While claiming to oppose Salafist brown shirt tactics, once again, the U.S. is playing the appears to be Salafist card and not just in Tunisia. Supporting Salafists throughout the region are two key U.S. allies – Saudi Arabia and Qatar who work in tandem with the United States to secure U.S. strategic interests and neo-liberal economic policies throughout the region, policies more and more being closely coordinated with NATO. Arms shipments from Qatar and Saudi Arabia to Salafist elements in the Syrian opposition have been intercepted in Lebanon recently. There are reports of Iraqi jihadists also working with the Syrian opposition, their activities coordinated by the Saudis and Qataris, in some form of coordination with the U.S.A. as was done in Afghanistan in the 1980s. Several weeks ago, re-enforcing Syrian government claims, a Tunisian human rights group exposed the open recruiting of Tunisian Salafist elements to also fight in Syria, calling for an investigation, suggesting that the Tunisian Ennahdha led government is coordinating its Middle East policies rather closely with Saudi and Qatari religious conservatives.

U.S: Playing the Salafist Card Throughout the Middle East

The British and the U.S. prefer the more placid and `west oriented’ face of `moderate Islamic parties’ like Tunisia’s Ennahdha which claims to respect democratic processes. But when necessary, London and Washington have not hesitated to cooperate with more fanatical elements – be they Saudi Wahhabists or now Syrian jihadists. Besides the anti-Arab secular nationalist bond that unites U.S. foreign policy with Islamicists, there is a bond of another kind: they see eye to eye economically. The Moslem Brotherhoods in Egypt, Ennahdha in Tunisia, and Salafists throughout the region are all comfortable with and support the kind of neo-liberal economic policies the United States and Europe pursue. They have opposed trade union rights, strong state directed economic policies. When it comes to neo-liberal economics, openness to foreign corporate and financial penetration, the Islamicists and U.S. policy makers are in complete harmony.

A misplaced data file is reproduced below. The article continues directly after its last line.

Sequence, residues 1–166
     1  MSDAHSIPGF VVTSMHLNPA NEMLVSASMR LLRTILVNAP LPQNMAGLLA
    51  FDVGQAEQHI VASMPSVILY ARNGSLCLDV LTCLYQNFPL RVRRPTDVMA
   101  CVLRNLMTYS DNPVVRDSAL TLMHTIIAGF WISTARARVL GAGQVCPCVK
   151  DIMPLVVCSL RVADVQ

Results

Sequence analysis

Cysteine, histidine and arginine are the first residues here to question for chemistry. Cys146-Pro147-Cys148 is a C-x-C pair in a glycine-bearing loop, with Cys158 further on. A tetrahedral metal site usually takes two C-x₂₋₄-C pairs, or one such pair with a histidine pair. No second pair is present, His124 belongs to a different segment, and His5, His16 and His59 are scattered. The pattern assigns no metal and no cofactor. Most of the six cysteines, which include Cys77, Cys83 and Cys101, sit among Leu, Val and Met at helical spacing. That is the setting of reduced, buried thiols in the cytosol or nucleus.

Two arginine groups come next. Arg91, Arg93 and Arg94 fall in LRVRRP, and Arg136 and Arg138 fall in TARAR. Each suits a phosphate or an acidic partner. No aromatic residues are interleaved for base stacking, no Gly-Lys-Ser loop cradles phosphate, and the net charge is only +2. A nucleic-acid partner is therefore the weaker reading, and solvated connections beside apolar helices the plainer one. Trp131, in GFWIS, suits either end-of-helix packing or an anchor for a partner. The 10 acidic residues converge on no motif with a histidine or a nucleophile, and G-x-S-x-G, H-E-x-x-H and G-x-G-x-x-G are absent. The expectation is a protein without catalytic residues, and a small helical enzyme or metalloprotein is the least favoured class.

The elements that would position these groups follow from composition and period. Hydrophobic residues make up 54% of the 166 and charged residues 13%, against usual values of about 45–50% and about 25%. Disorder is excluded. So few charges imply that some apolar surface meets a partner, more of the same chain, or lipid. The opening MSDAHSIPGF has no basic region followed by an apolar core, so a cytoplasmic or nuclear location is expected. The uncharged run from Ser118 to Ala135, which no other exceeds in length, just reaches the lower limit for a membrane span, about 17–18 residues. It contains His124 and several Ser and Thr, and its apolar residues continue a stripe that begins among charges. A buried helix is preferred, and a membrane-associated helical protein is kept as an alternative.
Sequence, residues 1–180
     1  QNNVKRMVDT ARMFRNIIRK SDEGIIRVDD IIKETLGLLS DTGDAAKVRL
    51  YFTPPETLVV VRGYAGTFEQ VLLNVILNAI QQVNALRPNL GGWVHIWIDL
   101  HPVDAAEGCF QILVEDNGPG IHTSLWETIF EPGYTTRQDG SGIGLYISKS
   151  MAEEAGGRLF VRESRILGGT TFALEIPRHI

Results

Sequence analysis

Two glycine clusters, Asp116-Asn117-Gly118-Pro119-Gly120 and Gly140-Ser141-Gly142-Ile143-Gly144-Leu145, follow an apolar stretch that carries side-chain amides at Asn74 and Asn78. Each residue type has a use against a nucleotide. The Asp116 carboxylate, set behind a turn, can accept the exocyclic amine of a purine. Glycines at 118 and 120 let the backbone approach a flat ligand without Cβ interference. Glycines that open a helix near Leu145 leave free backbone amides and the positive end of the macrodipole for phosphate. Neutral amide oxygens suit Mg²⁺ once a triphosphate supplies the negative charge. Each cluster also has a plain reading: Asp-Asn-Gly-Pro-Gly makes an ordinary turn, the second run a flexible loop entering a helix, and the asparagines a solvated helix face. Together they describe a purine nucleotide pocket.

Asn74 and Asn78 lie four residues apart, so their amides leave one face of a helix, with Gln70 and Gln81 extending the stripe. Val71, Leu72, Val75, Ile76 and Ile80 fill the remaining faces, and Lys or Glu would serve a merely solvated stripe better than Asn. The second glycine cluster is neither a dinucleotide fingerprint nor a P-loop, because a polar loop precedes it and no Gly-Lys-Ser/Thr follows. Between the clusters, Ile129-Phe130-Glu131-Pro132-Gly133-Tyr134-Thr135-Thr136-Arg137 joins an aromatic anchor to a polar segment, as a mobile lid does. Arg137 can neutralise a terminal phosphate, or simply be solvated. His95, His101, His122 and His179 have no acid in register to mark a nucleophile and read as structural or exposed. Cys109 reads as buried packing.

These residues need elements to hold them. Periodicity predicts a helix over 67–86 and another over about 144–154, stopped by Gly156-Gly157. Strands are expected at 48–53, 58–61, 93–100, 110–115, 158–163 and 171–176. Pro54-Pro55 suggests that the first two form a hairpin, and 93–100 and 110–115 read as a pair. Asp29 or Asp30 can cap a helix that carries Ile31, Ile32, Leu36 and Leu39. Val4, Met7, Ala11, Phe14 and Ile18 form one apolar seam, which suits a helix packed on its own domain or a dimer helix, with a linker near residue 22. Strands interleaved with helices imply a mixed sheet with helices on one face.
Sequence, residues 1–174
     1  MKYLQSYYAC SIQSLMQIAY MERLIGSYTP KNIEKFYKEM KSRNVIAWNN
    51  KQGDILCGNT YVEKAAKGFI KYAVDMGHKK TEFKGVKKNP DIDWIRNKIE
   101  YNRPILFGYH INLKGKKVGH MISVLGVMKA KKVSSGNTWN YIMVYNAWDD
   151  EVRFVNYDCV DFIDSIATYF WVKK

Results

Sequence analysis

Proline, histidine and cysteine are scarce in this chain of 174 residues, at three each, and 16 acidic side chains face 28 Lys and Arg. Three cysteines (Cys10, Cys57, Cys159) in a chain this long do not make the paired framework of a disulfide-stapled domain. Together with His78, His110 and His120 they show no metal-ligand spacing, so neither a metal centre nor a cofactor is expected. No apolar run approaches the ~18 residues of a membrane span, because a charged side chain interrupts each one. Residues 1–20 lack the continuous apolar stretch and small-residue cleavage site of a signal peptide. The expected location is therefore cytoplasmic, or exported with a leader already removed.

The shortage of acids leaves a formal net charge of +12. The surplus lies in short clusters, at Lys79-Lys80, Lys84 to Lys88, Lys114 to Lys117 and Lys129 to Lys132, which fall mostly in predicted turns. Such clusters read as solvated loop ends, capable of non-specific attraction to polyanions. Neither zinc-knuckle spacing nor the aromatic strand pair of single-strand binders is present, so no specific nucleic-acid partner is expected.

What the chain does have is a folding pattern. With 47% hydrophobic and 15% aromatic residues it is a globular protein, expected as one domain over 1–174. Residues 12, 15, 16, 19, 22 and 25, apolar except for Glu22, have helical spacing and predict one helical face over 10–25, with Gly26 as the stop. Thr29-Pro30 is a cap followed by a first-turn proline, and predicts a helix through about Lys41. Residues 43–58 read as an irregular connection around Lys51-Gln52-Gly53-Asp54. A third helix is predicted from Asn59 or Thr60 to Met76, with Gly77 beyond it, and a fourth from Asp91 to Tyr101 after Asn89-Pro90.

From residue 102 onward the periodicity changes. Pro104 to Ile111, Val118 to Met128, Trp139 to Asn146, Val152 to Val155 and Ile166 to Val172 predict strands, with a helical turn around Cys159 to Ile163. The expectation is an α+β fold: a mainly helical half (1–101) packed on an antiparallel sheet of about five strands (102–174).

As Ennahdha in Tunisia cozies up to its Salafist brethren to neutralize the Tunisian Arab Spring from turning into anything that might substantially shift the country’s neo-liberal economy policies and its strategic alliance with the United States, Washington calmly looks on with virtually no critical comments from the State Department, no sense of criticism – to say outrage – from the country’s media as the Islamic fundamentalist wave takes hold in the country. Most of the dirty work, the political support and financial flows are in the hands of the Saudi’s and Qataris, neither of which can even go to the bathroom without U.S. approval. The idea that the Obama Administration is not aware of the Tunisian developments is not credible.